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Publication Title

Canadian Journal of Rural Medicine





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Breast Neoplasms/epidemiology, Breast Neoplasms/therapy, California, Cohort Studies, Family Practice/manpower, Female, Health Services Needs and Demand/statistics & numerical data, Health Services Research, Humans, Internal Medicine/manpower, Ontario, Physician's Practice Patterns/statistics & numerical data, Physicians/supply & distribution, Primary Health Care/manpower, Women's Health, Women's Health Services/manpower

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INTRODUCTION: We examined the differential effects of the supply of physicians on care for breast cancer in Ontario and California. We then used criteria for optimum care for breast cancer to estimate the regional needs for the supply of physicians.

METHODS: Ontario and California registries provided 951 and 984 instances of breast cancer diagnosed between 1998 and 2000 and followed until 2006. These cohorts were joined with the supply of county-level primary care physicians (PCPs) and specialists in cancer care and compared on care for breast cancer.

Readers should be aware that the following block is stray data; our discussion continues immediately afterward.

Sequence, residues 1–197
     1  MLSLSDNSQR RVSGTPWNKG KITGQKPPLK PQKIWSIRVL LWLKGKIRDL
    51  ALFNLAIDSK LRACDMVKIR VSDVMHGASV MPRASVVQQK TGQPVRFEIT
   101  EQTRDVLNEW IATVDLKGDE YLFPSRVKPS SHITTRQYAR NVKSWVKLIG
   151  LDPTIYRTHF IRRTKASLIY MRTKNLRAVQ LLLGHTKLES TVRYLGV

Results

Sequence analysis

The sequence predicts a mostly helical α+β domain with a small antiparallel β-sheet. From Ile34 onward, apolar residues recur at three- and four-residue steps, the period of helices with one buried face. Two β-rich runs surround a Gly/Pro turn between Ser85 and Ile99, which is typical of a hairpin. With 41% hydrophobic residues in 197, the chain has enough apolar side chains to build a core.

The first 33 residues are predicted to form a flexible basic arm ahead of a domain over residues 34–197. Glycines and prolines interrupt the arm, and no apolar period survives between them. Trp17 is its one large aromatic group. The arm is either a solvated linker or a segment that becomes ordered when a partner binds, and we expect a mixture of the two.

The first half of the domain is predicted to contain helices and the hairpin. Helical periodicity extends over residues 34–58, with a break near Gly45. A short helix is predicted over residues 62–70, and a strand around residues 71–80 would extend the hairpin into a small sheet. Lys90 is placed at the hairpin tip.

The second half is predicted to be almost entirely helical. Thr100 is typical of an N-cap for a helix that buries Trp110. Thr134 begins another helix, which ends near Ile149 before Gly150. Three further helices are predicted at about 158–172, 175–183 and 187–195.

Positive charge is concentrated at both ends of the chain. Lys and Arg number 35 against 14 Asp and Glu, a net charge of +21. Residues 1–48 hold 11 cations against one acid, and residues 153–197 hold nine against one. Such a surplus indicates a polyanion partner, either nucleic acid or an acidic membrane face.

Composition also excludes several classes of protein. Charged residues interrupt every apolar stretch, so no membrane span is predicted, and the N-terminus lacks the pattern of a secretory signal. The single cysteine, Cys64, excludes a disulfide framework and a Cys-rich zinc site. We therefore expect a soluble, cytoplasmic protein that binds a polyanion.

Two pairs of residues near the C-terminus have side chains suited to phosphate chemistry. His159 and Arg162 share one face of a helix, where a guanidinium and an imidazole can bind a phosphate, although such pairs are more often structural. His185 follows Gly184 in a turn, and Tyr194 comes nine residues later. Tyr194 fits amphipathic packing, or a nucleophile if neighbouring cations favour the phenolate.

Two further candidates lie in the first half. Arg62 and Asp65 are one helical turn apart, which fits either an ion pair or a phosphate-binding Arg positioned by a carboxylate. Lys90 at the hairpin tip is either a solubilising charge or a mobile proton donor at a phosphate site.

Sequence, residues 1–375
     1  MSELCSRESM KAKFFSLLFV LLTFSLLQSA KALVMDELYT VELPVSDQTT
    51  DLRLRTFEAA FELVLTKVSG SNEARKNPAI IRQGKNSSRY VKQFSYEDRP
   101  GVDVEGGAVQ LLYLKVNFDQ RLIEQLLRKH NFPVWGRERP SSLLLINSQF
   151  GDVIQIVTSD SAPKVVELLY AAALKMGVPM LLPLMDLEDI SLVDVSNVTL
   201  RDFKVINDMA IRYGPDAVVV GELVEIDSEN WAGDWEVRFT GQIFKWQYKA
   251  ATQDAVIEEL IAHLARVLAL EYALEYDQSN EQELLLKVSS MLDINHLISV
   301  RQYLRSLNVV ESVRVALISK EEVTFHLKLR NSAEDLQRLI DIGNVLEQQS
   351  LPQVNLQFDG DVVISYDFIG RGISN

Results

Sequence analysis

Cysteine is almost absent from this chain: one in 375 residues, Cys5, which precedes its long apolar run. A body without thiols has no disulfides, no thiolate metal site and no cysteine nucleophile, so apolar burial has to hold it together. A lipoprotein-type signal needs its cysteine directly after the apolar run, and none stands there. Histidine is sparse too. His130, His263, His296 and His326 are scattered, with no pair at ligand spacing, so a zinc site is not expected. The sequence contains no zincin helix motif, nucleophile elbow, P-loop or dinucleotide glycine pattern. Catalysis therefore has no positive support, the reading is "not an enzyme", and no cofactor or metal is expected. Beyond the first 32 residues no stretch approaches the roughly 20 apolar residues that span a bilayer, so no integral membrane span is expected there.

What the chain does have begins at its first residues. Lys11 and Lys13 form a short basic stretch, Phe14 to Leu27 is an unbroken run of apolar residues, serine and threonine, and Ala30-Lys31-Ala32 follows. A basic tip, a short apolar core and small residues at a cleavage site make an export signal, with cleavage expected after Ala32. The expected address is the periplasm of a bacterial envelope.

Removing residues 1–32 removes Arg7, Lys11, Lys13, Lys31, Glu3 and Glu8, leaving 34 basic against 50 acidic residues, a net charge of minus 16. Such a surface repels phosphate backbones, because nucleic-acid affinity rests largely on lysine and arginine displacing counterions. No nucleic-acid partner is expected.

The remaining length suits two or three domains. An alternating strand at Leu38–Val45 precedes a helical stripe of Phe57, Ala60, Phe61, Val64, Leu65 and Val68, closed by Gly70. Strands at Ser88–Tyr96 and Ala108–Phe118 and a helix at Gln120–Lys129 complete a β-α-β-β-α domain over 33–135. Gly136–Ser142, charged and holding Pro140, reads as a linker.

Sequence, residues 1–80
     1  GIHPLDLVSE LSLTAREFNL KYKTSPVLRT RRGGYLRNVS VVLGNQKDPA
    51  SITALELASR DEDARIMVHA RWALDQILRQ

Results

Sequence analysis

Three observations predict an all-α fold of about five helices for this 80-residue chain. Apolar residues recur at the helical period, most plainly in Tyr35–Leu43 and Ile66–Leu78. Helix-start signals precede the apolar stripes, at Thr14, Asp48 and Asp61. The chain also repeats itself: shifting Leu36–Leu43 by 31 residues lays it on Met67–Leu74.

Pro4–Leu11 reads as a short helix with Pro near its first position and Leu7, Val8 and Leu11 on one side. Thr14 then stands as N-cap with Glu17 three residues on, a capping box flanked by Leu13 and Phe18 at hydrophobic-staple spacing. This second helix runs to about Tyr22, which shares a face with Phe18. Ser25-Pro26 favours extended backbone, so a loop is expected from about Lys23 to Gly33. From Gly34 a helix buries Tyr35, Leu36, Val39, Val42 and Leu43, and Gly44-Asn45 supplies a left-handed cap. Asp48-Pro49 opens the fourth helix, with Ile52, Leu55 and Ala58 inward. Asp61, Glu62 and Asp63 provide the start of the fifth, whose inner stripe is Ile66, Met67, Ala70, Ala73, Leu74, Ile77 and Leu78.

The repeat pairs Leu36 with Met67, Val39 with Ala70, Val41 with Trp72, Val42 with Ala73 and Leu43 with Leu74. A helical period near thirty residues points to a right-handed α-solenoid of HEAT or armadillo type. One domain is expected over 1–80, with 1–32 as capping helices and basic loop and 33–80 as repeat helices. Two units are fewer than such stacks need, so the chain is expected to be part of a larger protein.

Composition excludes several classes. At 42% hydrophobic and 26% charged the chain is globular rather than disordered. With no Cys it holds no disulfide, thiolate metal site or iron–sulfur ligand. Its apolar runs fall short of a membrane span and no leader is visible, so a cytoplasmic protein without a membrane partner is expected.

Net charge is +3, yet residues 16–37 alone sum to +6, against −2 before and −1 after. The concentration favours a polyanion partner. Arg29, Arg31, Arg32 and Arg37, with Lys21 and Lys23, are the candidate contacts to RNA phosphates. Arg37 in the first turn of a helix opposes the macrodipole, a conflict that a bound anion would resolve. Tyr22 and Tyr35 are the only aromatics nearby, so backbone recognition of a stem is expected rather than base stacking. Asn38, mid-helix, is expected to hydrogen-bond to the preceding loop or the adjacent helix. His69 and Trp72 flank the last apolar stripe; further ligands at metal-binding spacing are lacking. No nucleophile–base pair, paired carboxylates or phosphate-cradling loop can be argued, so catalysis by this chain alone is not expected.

RESULTS: Significant protective PCP thresholds (7.75 to = 8.25 PCPs per 10 000 inhabitants) were observed for breast cancer diagnosis (odds ratio [OR] 1.62), receipt of adjuvant radiotherapy (OR 1.64) and 5-year survival (OR 1.87) in Ontario, but not in California. The number of physicians seemed adequate to optimize care for breast cancer across diverse places in California and in most Ontario locations. However, there was an estimated need for 550 more PCPs and 200 more obstetrician-gynecologists in Ontario's rural and small urban areas. We estimated gross physician surpluses for Ontario's 2 largest cities.

CONCLUSION: Policies are needed to functionally redistribute primary care and specialist physicians. Merely increasing the supply of physicians is unlikely to positively affect the health of Ontarians.